Only two machines sit on the rails in the roundhouse, both oil cars. It’s not clear whether there’s anything inside either, but they have to have been placed here before 1970, when the turntable outside these numbered doors was removed.
A decaying door of the Medical Director for the unit. Because this is from one of the outbuildings and not Administration, I doubt that this was the Medical Director of Norwich State Hospital’s office.
In the ward for the criminally insane, this door was the most-worn. Nail scratches mark the area around the peep hole, the wood is gouged everywhere from thrown chairs and hard kicks, and a ominous blood-colored stain is visible where it dripped in the second inset from the bottom. Aside from the damage, the coloring in this section was very vibrant, though it was probably little reprieve for those who had to work here.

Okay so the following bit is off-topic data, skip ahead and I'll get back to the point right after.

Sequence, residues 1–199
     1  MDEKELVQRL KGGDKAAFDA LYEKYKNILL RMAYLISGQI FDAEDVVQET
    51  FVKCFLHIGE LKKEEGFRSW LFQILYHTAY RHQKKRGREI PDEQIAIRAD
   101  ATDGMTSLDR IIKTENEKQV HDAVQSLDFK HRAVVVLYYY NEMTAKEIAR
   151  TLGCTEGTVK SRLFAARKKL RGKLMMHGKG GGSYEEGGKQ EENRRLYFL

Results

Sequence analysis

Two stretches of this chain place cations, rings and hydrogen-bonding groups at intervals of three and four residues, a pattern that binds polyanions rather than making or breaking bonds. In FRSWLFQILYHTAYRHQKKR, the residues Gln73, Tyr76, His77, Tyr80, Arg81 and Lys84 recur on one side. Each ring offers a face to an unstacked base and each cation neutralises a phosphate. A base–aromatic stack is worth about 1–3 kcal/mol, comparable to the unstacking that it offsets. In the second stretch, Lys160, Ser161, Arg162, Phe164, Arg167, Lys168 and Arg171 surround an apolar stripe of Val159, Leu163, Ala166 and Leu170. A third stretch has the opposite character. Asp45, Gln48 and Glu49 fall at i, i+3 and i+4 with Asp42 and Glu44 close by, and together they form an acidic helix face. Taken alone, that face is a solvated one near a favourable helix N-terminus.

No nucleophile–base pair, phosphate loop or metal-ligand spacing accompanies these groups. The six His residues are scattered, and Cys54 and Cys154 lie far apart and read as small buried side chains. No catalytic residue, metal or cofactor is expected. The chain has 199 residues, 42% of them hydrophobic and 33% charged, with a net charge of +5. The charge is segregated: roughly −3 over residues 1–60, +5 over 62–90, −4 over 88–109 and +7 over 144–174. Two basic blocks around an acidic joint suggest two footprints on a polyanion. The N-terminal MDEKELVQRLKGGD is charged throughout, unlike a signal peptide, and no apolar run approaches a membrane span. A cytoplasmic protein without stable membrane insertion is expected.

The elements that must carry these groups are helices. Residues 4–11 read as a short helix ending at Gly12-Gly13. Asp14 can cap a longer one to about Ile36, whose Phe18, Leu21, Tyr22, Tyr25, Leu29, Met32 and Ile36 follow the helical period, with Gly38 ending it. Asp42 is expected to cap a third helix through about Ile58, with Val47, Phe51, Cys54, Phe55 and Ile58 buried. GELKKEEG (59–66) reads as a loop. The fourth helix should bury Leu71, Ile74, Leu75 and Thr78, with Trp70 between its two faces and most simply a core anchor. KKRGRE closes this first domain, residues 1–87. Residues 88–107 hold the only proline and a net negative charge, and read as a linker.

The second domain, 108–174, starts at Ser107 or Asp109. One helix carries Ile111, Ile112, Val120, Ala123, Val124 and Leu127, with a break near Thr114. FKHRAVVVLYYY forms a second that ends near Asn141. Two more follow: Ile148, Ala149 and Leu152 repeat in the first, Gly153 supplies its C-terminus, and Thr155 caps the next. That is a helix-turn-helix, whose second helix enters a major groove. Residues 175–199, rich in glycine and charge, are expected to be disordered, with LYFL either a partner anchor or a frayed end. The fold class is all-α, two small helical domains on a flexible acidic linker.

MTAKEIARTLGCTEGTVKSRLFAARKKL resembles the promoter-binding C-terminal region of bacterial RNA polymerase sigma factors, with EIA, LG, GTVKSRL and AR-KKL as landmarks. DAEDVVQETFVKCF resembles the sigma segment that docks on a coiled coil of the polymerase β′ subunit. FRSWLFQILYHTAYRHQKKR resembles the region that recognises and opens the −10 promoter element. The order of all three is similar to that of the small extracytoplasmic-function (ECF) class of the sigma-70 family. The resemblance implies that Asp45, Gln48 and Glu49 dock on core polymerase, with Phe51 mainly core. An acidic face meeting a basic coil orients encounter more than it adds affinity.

The women’s ward had a player piano in it, likely a donation.
One of the occupied buildings in Nevadaville.
Looking out of the brewhouse toward the river.
It remains unexplained what ‘serious results’ may stem from not reporting an accident, but when labor was cheap and unorganized I doubt anyone asked.
A cracked sign at dock-level, where loading boats would be tied below the taconite conveyors. All across the surface of the concrete dock were taconite pellets, like slippery little marbles. One wrong step could put a worker in the water, which is a bad, bad place to be.
A handmade sign tracks the progress through the current beet campaign. For this factory, it was about 30 years ago. Perhaps the idea was to pit shifts against each other.